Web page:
Most songs tell a story. Your song has to be truthful and authentic.  Tell the story of an event that happened - try creating conflict - resolution. Perhaps you want to create a problem (conflict) found in the verse, then resolve, or fix the problem in the chorus.  Songwriting is highly competitive and most great songs truly tell amazing stories.  Nashville is filled with extremely talented storytellers and your song and story need to stand out. As you explain and tell your story, use verbal imagery.  Let people 'see' and experience in their minds, the taste, the smell, and the sounds of the places you visit in your story. This is what will make your song stand out from others.

6) Songwriting Materials and Books to Enhance Your Song

Songwriting Materials and Books to Enhance Your Song
Every songwriter has the following arsenal in their hands - whether in book form or through songwriting software.  They have a Dictionary, Thesaurus, Rhyming Dictionary and/or Cliche Phrase Books. Get these books and go through them - and use them in your songs.  Also try contradictory or turn around statements: ie I never thought it would hurt so bad, or that it would turn out to be oh so good.

7) Publishing Your Song

Publishing Your Song
There are literally hundreds of music publishing companies and other outlets available to you in Nashville.  Guides to the names and addresses should be found in the songwriter’s market book and other book sources. Quite honestly some online web lists are totally fake. You might simply be wasting your money sending out demos and materials to companies that don't exist. Make the necessary phone calls to the secretary at the company, be business like, polite, and get to the point. Understand and appreciate that their time is valuable. Get to know them over time, and introduce yourself on your phone calls. Nashville and music row are in the music business and need to be treated as such.

8) Resources in Nashville and in or around Music Row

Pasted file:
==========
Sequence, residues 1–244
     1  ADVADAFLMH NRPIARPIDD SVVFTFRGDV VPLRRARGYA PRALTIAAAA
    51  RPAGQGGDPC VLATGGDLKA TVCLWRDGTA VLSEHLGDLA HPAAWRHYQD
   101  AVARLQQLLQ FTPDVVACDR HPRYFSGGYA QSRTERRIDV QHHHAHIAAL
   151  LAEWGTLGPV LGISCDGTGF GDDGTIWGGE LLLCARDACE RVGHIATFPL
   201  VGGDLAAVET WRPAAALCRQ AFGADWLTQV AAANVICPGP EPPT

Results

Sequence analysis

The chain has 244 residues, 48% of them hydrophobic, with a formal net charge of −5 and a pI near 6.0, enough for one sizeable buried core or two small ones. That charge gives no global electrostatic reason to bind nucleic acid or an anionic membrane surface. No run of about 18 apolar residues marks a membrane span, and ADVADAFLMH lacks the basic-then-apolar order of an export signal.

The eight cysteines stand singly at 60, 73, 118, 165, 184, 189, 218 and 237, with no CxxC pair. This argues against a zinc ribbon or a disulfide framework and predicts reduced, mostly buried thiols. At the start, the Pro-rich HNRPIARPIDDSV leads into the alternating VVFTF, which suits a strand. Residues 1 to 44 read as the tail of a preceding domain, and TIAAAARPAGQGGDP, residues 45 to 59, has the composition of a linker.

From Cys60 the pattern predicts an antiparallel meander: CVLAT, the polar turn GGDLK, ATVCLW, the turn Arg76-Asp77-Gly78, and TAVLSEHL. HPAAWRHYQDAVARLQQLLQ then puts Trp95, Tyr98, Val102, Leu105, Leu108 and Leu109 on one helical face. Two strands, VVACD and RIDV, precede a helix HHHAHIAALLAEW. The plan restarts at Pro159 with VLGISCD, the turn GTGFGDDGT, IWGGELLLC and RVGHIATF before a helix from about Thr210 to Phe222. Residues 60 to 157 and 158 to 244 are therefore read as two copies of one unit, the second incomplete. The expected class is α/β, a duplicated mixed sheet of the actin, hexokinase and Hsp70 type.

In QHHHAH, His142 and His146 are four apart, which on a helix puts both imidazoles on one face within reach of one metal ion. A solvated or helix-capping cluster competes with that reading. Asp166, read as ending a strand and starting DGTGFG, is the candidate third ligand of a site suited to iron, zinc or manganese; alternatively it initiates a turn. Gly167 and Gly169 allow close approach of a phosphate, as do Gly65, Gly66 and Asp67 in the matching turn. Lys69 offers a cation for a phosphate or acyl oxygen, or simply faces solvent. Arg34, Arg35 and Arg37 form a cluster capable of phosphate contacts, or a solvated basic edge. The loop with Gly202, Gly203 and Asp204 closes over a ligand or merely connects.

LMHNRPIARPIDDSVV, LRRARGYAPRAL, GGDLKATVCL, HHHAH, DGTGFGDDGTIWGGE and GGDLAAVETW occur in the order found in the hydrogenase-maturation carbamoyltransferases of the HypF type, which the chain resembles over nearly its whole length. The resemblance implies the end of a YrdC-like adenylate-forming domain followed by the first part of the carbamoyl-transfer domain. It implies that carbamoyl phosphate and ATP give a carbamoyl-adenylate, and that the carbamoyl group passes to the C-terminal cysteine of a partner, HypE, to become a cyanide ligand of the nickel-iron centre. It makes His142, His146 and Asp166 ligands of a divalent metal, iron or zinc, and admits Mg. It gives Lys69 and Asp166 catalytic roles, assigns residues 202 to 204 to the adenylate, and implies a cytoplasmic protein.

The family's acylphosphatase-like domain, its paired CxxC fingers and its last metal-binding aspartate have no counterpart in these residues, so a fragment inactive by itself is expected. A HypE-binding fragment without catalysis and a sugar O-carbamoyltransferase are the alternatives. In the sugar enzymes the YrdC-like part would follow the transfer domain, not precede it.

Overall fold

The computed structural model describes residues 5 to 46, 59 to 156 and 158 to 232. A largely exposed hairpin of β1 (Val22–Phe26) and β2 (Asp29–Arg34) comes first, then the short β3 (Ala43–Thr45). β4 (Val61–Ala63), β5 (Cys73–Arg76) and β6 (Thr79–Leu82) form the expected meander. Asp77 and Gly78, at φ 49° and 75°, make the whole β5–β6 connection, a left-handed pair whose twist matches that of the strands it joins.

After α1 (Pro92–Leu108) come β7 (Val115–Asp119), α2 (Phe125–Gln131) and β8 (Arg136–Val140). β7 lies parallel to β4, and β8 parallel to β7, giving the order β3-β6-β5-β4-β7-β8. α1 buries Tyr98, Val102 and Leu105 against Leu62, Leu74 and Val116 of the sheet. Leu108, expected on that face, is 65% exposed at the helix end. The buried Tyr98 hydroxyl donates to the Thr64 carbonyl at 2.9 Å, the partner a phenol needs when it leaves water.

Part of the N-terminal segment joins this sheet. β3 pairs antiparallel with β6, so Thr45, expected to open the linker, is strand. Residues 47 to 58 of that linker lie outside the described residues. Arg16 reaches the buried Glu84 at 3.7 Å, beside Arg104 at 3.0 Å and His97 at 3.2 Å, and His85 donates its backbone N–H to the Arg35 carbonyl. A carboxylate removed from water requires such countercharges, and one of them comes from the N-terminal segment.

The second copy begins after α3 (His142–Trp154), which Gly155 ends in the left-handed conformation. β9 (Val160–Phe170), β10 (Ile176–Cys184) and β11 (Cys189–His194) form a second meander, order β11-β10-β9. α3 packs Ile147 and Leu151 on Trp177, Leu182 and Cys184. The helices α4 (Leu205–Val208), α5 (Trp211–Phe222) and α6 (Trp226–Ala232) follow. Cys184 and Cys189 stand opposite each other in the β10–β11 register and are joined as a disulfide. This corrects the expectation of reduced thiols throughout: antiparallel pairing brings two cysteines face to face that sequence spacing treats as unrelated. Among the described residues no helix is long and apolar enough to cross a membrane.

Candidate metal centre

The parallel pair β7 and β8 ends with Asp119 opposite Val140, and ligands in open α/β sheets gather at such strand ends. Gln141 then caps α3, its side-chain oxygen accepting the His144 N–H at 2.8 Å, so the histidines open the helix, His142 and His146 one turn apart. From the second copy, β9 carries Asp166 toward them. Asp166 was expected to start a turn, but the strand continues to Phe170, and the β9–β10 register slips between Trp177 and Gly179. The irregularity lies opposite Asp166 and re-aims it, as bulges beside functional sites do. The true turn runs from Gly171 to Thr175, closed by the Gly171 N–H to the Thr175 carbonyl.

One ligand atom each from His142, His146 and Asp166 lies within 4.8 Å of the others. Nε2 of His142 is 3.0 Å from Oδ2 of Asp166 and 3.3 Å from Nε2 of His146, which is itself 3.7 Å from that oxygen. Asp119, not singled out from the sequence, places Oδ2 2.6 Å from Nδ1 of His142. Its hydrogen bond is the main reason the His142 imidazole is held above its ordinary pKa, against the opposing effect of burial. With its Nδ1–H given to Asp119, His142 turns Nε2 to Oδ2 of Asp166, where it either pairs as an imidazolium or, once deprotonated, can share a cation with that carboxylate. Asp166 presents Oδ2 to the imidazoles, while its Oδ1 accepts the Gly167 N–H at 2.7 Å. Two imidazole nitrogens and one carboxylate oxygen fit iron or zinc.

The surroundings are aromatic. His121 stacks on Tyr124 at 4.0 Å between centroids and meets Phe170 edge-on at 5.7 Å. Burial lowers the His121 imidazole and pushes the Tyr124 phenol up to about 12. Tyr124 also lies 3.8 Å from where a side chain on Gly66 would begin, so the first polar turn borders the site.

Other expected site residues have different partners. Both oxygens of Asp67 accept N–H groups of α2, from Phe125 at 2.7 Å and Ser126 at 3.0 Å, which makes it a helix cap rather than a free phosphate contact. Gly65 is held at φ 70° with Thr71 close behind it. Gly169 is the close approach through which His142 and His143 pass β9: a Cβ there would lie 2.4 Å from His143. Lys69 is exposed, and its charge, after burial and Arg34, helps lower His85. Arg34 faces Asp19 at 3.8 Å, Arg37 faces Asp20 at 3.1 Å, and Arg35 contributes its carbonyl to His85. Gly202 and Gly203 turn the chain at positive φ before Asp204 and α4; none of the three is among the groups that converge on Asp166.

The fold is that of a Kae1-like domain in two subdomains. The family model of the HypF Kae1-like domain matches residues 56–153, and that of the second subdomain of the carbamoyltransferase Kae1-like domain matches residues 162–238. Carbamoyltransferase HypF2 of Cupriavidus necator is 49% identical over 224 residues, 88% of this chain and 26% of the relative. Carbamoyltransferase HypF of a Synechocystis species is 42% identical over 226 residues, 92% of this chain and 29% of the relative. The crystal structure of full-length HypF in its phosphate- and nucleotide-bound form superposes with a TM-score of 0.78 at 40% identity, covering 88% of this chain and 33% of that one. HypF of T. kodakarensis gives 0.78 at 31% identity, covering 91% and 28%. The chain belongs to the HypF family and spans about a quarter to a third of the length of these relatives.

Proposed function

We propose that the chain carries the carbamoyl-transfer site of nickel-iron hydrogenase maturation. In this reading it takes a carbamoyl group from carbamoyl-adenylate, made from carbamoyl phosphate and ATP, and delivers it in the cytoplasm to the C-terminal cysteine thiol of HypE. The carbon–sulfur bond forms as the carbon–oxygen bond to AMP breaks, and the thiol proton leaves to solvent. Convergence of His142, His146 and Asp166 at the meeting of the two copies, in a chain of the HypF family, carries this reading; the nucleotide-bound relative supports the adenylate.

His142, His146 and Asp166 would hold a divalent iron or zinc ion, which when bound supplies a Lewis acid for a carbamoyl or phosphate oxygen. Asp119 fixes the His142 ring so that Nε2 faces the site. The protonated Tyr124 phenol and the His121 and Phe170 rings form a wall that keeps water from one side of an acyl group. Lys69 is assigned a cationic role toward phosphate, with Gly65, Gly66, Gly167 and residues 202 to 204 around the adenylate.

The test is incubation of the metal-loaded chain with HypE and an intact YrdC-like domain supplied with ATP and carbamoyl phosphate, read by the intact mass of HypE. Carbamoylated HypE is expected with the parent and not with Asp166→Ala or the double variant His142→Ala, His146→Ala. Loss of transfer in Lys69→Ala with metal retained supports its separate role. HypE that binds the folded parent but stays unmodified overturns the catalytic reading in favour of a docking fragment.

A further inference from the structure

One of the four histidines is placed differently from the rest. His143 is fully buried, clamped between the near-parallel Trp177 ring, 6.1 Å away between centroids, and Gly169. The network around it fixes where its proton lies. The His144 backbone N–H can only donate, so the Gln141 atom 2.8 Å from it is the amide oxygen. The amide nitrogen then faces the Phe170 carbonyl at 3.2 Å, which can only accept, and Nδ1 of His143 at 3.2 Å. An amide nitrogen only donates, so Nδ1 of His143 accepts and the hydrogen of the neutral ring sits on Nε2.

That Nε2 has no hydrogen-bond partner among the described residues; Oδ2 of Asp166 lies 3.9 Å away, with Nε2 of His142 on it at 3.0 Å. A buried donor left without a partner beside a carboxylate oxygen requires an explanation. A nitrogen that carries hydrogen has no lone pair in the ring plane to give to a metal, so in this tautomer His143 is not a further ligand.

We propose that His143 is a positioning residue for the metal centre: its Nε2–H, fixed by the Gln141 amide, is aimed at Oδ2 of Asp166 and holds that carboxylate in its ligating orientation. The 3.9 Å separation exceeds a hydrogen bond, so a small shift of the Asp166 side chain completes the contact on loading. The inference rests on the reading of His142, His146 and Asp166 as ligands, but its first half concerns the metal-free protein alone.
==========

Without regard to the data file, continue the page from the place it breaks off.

Resources in Nashville and in or around Music Row
Go to the Bluebird Cafe. In Nashville, this is the premiere outlet where singer songwriters and big name acts go to showcase upcoming songs and work.  This is a must do activity.  You'll probably drive right by it.  It's in a little strip mall, and one can easily miss it.  The Bluebird Cafe is a must see place. Of course you'll want to go up and down Music Row also.  Houses and small office buildings along the row have been turned into recording studios and offices for music publishers and producers.  It really is a fun experience to see all these places.  They LOOK very accessible, but they are not.  Call ahead to get appointments, get in / out, don't take too much of their time. If you get in, and take too long, they will not let you come back for another visit.  Be professional and listen to the critiques.  Go in with the CD and a presentable typed lyric sheet. (see my pdf)  You may not get a nibble FOR MANY years.  If they say you have a good song, great!  (only great songs - not good - are considered for the next level.) Ask them if you could submit your future projects and then - follow through - create more songs and keep in touch.  There are numerous stories of pros, in the business, (with previous record contracts) not getting their songs under contract or on hold.  It takes time and effort.  You are competing with the best songwriters in the world, in the row and in Nashville.  On the row you will also find the performing rights organizations that include BMI, ASCAP.  Research the two and join one. (I am in BMI) You can also visit them on the row and have them critique your songs. NSAI (Nashville Songwriters Association International) is a great place to learn about songwriting. Many cities around the U.S. have NSAI groups you can join, plus NSAI has songwriting conferences, contests and other resources.  You can even use their Nashville office as a base when visiting music row.  Great resource!

9) Recording Your Songs

Recording Your Songs
I highly recommend you get an Apple computer. Whether it is a Macbook, or an iMac you will be completely set up with a stable OS and a stable computer system.  I have been on the Apple platform since 1992 and never looked back. Purchase Logic Studio Pro (now owned by Apple) and get an Apogee Duet II (an audio in/out USB device). The only thing left to get is a good condenser microphone and the Antares Auto Tune AU plug in. Many have called Nashville the Auto Tune capitol of the world ;) Every notice how the vocals are in PERFECT pitch? That's from Auto Tune. It's on every vocal track. Every Nashville song on music row and most pop songs everywhere else use auto tune or some other form of pitch correction. One should also consider purchasing music songwriting software such as Masterwriter and business software such as Microsoft Office for Mac.

10) Self promotion? or the Nashville / Music Row route?

Self promotion? or the Nashville / Music Row route?
Should one use Music Row and go the Nashville way? Or should one try self-promotion? I say that one should do both.  One can use Blogs, Social Networks and
Tunecore or CD Baby to self publish and get their music out there for others to hear.  It is very gratifying to have people purchase your music.  Understand, that unless you are able to get press, radio play, or promoting it aggressively - that you will not sell many songs.  But it is nice to see your stuff up on iTunes. You should also consider making a music video and add it to YouTube!